Know Thy Students: How to Engage Students in the Classroom

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As an educator, you arguably have one of the most challenging jobs in the world: engaging your students in the classroom so you can teach them. Knowing how to engage students is critical to being an effective educator; if students aren’t engaged, they’re likely not learning[1]. The modern age doesn’t make it any easier, either. Teachers today can often face larger classroom sizes[2] and potentially shorter student attention spans[3]. Furthermore, many teaching methods that were successful 20 years ago may not be as effective[4] at engaging students today

For instance, the average 21st-century child has been exposed to technology since birth and thus may have a shorter attention span, but they may also have a more natural understanding of how to work a computer. Thus, incorporating technology in the classroom may be a way to help some children absorb more information. Some students, however, may prefer to learn out of a book, as it is more concrete to them than words on a screen. Educators, more than most, are well aware of the variety of methods through which students learn, but finding a way to engage a whole classroom of students is a real challenge.

According to the National Institutes of Health[5], our brains retain information by the process of learning in three types of memory: short-term, long-term, and working memory. Studies show[6] that engaging students by stimulating their curiosity and igniting their interest in the subject material is the most effective means of transferring information into their long-term memory. Get them interested, and you get them learning and retaining information more readily.

However, every student is different, and identifying the learning needs of each child is important. Not every student benefits from the same method of learning. Unfortunately, teachers generally do not have enough time to instruct each student on an individual level according to his or her singular needs. Therefore, discovering which methods of teaching will engage a classroom of students is one of the most crucial and difficult challenges an educator will need to overcome.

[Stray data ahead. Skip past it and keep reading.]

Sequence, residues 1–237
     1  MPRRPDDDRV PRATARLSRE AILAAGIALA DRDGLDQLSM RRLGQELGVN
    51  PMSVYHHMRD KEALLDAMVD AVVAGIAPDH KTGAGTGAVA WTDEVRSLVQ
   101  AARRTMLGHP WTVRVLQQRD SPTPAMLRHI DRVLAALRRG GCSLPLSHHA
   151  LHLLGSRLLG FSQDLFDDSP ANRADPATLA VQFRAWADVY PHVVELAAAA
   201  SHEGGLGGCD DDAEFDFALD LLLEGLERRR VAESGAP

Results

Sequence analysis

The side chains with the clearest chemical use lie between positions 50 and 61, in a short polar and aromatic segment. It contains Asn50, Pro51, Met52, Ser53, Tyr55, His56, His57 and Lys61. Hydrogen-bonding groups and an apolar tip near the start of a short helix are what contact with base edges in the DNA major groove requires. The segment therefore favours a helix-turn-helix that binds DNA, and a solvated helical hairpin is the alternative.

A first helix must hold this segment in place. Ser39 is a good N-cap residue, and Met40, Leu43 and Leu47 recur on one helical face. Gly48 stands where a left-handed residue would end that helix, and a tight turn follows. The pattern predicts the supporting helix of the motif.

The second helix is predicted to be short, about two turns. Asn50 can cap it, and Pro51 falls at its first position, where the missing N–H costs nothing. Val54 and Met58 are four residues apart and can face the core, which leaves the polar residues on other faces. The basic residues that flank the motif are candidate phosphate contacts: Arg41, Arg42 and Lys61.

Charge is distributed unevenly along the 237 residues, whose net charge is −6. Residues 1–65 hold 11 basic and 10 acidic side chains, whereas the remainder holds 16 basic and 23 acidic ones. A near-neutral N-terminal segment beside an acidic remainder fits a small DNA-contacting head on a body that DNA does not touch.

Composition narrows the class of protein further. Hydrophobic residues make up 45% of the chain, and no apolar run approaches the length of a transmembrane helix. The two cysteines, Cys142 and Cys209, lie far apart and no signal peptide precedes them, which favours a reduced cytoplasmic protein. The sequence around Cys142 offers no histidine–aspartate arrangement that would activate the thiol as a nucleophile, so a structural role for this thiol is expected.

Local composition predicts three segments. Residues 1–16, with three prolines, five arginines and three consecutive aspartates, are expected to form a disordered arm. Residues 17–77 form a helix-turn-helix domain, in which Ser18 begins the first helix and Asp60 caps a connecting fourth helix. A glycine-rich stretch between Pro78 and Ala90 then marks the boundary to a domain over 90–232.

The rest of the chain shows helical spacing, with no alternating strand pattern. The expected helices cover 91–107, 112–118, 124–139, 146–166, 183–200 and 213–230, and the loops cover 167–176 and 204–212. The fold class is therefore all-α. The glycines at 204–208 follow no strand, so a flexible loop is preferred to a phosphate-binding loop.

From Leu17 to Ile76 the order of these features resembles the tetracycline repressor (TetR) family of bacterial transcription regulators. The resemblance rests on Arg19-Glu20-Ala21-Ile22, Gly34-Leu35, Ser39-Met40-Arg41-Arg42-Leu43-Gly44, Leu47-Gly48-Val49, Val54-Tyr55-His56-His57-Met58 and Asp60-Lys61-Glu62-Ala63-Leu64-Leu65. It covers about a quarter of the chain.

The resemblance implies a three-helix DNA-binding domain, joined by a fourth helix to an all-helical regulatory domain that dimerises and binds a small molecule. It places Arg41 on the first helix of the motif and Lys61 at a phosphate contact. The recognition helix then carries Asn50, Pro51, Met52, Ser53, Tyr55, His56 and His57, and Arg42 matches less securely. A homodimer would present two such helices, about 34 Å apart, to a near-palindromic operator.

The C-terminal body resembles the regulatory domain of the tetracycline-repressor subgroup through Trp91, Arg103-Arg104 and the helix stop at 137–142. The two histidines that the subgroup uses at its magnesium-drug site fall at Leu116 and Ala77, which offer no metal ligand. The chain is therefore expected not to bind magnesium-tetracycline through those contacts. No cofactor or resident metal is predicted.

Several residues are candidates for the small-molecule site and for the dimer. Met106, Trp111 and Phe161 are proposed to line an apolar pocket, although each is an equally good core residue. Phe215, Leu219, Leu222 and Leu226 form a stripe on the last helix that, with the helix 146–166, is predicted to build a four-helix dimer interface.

How Surveys Can Help You Engage Your Students

When teachers are faced with classrooms full of new students at the beginning of a term, how can they determine what will motivate them? With all of the possible variations in learning styles, educators need to ask questions to determine how to engage your students. But it’s also important to know which questions to ask, as well as how to quickly and accurately evaluate your students’ responses.

Thankfully, student surveys and questionnaires comprise research-based questions, which are tested and proven over time to produce the most informative data on engaging students. Plus, a high-quality student survey will provide valid and reliable information quickly, information that can be applied both on a school-wide scale and in individual classrooms, so teachers can get their students on track from the start.

In addition to the basics, like gender, ethnicity, and age, student surveys can provide the following information about your student body as a whole, and much more:

  • • Student-teacher relationships at school
  • • Information about students at home and in the community
  • • Teacher involvement
  • • Student alcohol, tobacco and other drug use
  • • Student mental health
  • • School climate
  • • Other student behaviors such as:
    1. o Violence
    1. o Bullying
    1. o Absenteeism and suspension


Knowing these factors gives you an edge in determining how best to approach a lesson to stimulate your students’ interest in what you have to teach them. Studies show[7] that students who are engaged in their work are keener to learn, they try harder when challenged with something that they are encouraged to master, and they take delight in their accomplishments. As a teacher, knowing how to engage your students is crucial to ensuring that they retain subject material so that they can succeed in their courses and beyond. By using surveys periodically, you can determine not only how to begin a term’s lessons, but how to adjust and improve your teaching strategy at different points during the semester as well. Therefore, surveys could help make your job as an educator just a little bit easier.

[1] de Frondeville, Tristan. “How to Keep Kids Engaged in Class.” Edutopia. Retrieved from on March 7, 2016.

[2] Litvinov, Amanda. “Budget Cuts + Teacher Layoffs = Larger Class Sizes.” National Education Association. Retrieved by on March 7, 2016.

[3] Richtel, Matt. “Technology Changing How Students Learn, Teachers Say.” New York Times. Retrieved from on March 7, 2016.

[4] Bajak, Aleszu. “Lectures Aren’t Just Boring, They’re Ineffective, Too, Study Finds.” American Association for the Advancement of Science. Retrieved from on March 7, 2016.

[5] Cowan, Nelson. “What are the Differences between Long-Term, Short-Term, and Working Memory?” National Institutes of Health. Retrieved from on March 7, 2016.

[6] Bernard, Sara. “Science Shows Making Lessons Relevant Really Matters.” Edutopia. Retrieved from on March 7, 2016.

[7] Collier, Laura. “Grabbing Students: Researchers have Identified Easy Ways to Boost Student Success by Increasing their Engagement in Learning.” American Psychological Association. Retrieved from on March 7, 2016.

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